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Europe’s Achilles heel May 11, 2012

Posted by proeconomia in Fiscal policy, Main, Monetary policy, News on Greece, On the crisis, Opinion.
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Read what the Economist has to say about Greece and the future of the eurozone. Have a taste from it:

“The idea of a chaotic Greek departure from the euro at a time of Franco-German disunion should terrify everyone it touches (the damage it would do the world economy may well be the biggest risk to Barack Obama’s chances of re-election, for instance). With so much at stake, the rest of the euro zone urgently needs to lower the risk that contagion from a Greek exit would infect Portugal, Ireland and even Spain and Italy.”

Then, “In fact, Germans need to live with higher inflation, consume a bit more and prop up the weaker members of the currency union. Indeed, the euro will survive only if every country confronts the choice it shies away from. Like some dreadful joke, the euro needs French reform, German extravagance and Italian political maturity.” (my emphasis before and below)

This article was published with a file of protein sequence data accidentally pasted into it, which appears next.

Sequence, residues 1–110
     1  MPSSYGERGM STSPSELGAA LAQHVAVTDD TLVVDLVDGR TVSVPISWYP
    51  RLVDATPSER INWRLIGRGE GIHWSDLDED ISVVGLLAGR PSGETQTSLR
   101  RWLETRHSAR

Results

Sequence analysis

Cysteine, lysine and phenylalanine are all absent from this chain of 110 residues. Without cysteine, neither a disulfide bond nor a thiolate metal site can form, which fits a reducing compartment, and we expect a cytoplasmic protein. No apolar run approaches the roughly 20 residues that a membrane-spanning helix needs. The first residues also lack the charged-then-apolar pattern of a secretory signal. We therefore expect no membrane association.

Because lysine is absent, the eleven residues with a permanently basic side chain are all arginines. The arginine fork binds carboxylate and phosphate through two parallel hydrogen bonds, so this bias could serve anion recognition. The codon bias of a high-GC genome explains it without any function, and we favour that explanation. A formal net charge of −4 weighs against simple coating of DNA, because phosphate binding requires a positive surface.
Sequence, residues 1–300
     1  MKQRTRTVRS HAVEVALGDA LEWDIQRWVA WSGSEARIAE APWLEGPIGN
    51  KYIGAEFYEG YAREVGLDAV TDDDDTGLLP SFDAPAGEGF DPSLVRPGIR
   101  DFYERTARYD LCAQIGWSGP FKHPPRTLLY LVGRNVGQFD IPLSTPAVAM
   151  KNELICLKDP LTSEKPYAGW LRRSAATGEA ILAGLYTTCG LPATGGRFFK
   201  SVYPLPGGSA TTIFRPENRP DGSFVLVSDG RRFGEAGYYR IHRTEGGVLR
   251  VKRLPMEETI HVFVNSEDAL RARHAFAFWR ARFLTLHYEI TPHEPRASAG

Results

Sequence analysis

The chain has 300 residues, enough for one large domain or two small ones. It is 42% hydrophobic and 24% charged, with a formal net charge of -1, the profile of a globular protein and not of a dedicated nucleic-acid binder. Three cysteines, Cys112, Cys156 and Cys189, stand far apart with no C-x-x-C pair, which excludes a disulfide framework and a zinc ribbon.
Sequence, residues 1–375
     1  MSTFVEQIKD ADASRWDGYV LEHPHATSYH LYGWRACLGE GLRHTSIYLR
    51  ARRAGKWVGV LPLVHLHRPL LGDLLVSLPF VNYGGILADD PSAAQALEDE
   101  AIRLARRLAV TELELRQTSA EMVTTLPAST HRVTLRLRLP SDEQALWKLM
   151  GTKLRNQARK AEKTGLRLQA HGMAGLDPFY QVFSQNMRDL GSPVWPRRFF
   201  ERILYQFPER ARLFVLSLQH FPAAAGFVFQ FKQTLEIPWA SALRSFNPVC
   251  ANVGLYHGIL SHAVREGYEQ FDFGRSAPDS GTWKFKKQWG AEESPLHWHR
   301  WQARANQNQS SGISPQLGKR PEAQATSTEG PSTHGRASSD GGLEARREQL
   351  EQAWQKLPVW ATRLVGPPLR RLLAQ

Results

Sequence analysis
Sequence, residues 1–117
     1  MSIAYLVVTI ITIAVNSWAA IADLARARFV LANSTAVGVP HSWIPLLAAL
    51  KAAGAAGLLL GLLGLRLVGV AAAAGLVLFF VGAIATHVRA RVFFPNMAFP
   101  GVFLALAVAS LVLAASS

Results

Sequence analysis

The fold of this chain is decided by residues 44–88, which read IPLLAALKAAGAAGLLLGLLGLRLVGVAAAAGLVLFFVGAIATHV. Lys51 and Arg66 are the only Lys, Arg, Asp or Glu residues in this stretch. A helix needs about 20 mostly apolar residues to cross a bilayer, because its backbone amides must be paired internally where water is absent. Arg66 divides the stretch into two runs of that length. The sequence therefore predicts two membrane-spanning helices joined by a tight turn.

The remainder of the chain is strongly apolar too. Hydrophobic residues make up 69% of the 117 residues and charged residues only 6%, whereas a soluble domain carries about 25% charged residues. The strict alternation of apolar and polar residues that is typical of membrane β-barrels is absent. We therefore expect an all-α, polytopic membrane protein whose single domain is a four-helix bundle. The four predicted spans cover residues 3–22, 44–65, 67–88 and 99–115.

And then, for us: “Whatever the make-up of its next government, the idea that Greece can repay this is the biggest fantasy of all. Does that mean Greece is still better off in the euro? Probably, though the judgment gets ever finer. An exit, and the ensuing default, would lighten its debt, re-establish competitiveness and challenge its politicians to grasp their own destiny. Yet leaving the euro would also create chaos and destroy savings and, as often in the past, its advantages might rapidly inflate away. The rest of the euro zone is also better off with Greece “in”, if only because of the risk of contagion (and the inadequate preparations for that). But again, not at any price.”

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